Over the past five years Jonathan Berger has become one of the more exciting curators in New York. He's organised some of the most memorable and avant-garde exhibitions of recent memory, with a slew of wide-ranging (late and contemporary) multimedia talents; from Andy Kaufman and Michael Stipe to Bob Mizer and Vaginal Davis. However, while Berger ascended the curatorial ranks – becoming the director of New York University’s 80WSE Gallery – he moved further away from his own artistic practices, which were last showcased in a series of three exhibitions (architecturally investigating the notion of empire from ancient civilization to the present in a very anti-commercial context) over the fall of 2007 at Chelsea gallery Andreas Grimm.

'I made this kind of catch-all monumental architecture that you followed through all three parts of the show,' recalls Berger. 'It was a mix of ziggurats, pyramids, Greece and Rome, Albert Speer, various government monuments and a bunch of other stuff. I wanted it to be oversimplified much in the way history is, but to kind of turn that simplification back on itself in a critical way.'

In the first section of the show, 'Founder', visitors only saw the base of the flat grey 'impenetrable anti-human architecture which grew out of Speer's work'. In the second section, 'GONER', those structures were in ruin, brown and decaying and shrunk to human scale 'with the feeling of badly maintained monument'. In the final section, 'seer', that same architecture is knocked down so only the bases of the shrunken versions are left and they become benches on which people can sit. 'So in a sense they become reclaimed, in a great way, by normal people,' says Berger. 'As a place to sit and think.'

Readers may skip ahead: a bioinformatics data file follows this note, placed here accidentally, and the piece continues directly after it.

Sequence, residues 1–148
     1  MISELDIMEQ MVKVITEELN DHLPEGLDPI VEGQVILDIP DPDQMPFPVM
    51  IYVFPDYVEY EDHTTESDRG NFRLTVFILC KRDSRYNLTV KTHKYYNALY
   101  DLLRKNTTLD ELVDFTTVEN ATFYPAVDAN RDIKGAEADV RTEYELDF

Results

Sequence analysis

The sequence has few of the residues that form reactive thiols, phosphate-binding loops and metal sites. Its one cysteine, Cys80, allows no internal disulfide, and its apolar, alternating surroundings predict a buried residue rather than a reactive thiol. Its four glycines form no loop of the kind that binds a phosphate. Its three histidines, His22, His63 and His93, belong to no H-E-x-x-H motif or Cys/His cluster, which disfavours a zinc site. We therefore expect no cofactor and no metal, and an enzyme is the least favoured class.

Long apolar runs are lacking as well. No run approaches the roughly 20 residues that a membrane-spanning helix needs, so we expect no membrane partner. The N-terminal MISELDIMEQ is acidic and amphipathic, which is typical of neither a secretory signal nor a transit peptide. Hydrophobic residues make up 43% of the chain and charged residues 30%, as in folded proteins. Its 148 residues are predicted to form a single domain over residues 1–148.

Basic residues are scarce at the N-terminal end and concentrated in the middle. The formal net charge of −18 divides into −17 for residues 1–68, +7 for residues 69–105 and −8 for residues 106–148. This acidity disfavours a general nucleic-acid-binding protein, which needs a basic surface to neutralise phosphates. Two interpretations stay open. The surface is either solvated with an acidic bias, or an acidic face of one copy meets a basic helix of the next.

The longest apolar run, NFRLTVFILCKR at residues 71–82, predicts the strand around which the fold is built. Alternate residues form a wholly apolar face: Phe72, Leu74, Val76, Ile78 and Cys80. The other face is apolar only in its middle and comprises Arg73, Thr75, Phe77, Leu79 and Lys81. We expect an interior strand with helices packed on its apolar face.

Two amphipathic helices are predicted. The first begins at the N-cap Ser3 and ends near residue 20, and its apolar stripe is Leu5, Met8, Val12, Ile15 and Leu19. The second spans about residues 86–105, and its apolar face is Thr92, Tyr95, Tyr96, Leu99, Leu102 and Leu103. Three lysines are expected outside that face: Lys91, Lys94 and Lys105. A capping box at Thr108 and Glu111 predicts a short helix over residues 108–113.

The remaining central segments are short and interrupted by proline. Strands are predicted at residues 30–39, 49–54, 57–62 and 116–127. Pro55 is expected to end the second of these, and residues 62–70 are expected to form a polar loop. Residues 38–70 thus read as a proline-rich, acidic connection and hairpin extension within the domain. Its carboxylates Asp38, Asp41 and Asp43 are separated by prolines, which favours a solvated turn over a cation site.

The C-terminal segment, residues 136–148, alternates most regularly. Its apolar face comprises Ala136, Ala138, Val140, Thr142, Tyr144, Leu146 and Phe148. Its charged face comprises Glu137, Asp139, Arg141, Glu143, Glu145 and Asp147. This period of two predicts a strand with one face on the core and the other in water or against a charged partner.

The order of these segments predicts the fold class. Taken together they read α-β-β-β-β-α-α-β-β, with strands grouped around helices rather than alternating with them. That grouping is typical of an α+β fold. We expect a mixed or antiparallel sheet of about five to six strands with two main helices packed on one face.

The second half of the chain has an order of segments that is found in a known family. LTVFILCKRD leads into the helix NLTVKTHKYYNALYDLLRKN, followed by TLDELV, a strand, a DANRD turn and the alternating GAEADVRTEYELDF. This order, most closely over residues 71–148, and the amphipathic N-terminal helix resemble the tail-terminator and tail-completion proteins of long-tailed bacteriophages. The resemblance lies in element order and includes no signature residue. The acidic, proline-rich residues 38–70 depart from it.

After spending nearly a decade frenetically curating and contextualising other people’s work, Berger was ready to sit and think about his own process and ask himself very basic questions like: What is beauty?

'There’s a way that I make stuff that is very much in the voice of a writer, it’s very organic, I figure it out myself,' says Berger, who just opened his first show in eight years, 'A Future Life', at Portland, Oregon’s Adams and Ollman. 'I spent this great amount of time making these shows that thought about how an exhibition site could be used, and how exhibition design could affect the relationship between the viewer and the information they are being given. And I spent two years figuring out how to make objects again – so this show is really about how to speak fluently through exhibition design and biography. In a weird way, it’s autobiography.'

The autobiographical objects in the exhibition, which has the feel of an industrial-minimalist James Lee Byars installation, are all meant to evoke the characteristics of people interacting with one another. As such, the entirety of the 500 sq ft space is blanketed in 90,000 one-inch charcoal cubes, some of which are stacked into 45-inch high plinths that display everything from white and black medicine ball-sized putty and charcoal sculptures, built up over time, to cups of spilled charcoal powder and a handmade sculpture of a potted agave plant – 'a cartoon of metal' – made from paint-stripped 1930s tin cans. The cans also provide the material for five sheets of tin chainmail representing the sides and floor of a flattened building, as well as a wall piece of distorted tin hearts joined at the tips.

'"A Future Life" is a reference to where I’m at, the people that have been in my life recently and the way I think about life now,' says Berger. The charcoal, like the desert environments invoked by Berger’s mise-en-scene (and some inspirational texts on the desert that informed the work), acts as a purification device; cleansing not only space and the viewer’s mind but his process as well.

'Deserts are associated with visions and mirages and ways of seeing that can’t happen anywhere else. I’m really interested in the real experience you have with some object and I’ve always believed material properties can create an emotional state for somebody. That folds back into this idea of objects making people not feel like people,' says Berger, who also meant to have everything on one viewing plane to broaden the range of perspectives. 'I want what I put out in the world to be generous and for people to have an experience that affects them in a way that has some meaning.'

It appears as if he's off to a good start.